PHILADELPHIA—The Vikings would have travelled anywhere to play in their first Super Bowl since 1977.
This year, though, the game is in their stadium. They won't be in it.
“I mean, we would've loved to play in the Super Bowl if it was in China,” coach Mike Zimmer said last night after the Philadelphia Eagles humbled Minnesota 38-7 for the NFC championship.
“But we didn't play good enough to win," he stressed. ”I know that's cliché but it's true.
“We have to give them a lot of credit," Zimmer added. ”They played great on defence, played good on offence.
“Some of our strengths they attacked on third downs, which was one of our strengths all along,” he noted.
“They got after us tonight.”
Sure did. After the Vikings (14-4) took a 7-0 lead on the game's opening drive, it was all Philadelphia (15-3).
One place the Eagles dominated was third downs, converting 10-of-14 against the league leader on defence in that category.
Two of those conversions were for touchdowns on Nick Foles' passes to Alshon Jeffery for 53 and five yards.
Was Zimmer surprised by how his team couldn't handle such situations?
“No. Actually most of the things they did, we practised," he remarked. "They ran them just a little better than we covered them.”
Well, a lot better.
Philly also won the turnover battle 3-0—another significant contribution to one of Minnesota's worst playoff defeats.
“One of the things we preached coming in was turnovers," said Case Keenum, who threw a "pick-6” to Patrick Robinson that tied the game 7-7 and began the Eagles' onslaught.
“They took care of the football and we didn't,” Keenum added.
“We were still winning at that point, obviously, but we couldn't execute on the critical situations that we needed to on third downs or scoring in the red zone.”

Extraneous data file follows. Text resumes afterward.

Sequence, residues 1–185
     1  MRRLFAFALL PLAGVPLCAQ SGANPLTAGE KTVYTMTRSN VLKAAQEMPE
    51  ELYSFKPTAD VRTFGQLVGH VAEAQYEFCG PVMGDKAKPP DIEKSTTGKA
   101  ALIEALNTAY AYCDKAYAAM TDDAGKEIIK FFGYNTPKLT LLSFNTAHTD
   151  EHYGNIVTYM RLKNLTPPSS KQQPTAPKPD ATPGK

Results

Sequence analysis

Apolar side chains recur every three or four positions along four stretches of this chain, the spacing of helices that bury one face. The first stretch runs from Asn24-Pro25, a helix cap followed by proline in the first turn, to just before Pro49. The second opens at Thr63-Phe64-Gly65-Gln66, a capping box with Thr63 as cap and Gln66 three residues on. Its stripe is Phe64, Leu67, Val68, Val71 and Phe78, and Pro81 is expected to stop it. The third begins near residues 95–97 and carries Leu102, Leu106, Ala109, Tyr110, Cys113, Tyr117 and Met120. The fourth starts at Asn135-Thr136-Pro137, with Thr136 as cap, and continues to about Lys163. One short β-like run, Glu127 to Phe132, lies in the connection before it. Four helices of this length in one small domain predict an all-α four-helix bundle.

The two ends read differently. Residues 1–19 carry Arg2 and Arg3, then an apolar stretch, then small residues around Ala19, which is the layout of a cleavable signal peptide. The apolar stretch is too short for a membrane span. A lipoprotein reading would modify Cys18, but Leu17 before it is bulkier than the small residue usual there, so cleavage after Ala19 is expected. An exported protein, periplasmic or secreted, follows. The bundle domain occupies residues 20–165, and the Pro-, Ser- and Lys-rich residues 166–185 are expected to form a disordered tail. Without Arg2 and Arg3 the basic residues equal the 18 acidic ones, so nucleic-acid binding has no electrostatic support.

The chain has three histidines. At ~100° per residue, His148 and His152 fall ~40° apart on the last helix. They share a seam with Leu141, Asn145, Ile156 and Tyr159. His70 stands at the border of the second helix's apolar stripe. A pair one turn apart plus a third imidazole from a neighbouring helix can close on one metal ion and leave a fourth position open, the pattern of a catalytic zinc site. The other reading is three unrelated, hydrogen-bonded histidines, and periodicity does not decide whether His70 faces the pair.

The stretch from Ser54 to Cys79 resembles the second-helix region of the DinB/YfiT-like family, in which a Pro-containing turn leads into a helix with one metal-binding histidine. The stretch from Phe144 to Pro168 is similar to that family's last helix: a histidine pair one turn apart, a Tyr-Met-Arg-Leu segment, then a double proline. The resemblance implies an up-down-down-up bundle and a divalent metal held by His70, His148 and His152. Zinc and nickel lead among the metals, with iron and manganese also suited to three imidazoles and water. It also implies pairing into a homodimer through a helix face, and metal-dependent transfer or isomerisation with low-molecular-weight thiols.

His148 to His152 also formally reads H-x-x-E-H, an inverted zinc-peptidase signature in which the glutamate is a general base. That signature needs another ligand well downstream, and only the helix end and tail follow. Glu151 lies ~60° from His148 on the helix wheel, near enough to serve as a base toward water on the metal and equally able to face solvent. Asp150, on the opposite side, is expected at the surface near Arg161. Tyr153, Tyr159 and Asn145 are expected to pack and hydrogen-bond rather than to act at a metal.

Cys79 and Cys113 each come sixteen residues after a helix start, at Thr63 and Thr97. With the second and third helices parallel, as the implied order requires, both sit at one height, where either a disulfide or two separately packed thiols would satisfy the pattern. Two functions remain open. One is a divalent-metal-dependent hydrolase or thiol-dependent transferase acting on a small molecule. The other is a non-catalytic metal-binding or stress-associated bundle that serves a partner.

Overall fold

The outcome pretty much was decided by halftime, when it was 24-7.
Philadelphia was winning in the trenches, the Vikings couldn't cover tight end Zach Ertz, and the secondary was torched for a 53-yard TD catch by Alshon Jeffery and a 41-yarder by Torrey Smith.
It all made for a long night two weeks before Minneapolis hosts the Super Bowl that the Eagles and New England Patriots now have reached.
“They're all hard to swallow," Keenum said of the loss. ”Once you get a game away from playing in the Super Bowl, that's going to be hard to swallow.
“The way it happened, I mean, they played really well and we didn't,” he conceded.
Zimmer praised his team's performance this season, and rightfully so. For portions of the schedule, the Vikings were as good as anyone, particularly on defence, where they allowed a league-low 252 points.
But they also were extremely fortunate to get to the NFC title game—winning on a last-play 61-yard TD pass to Stefon Diggs the previous Sunday against the New Orleans Saints.
“I love this football team; they're great kids, great competitors,” Zimmer lauded.
“I love how they go about their business," he said. ”I love everything about this football team. I love the organization.
"We just didn't get it done tonight.
“I'm not going to grade anybody's performance tonight,” Zimmer added.
“I think there's a lot of performances that could've been a lot better, including myself.”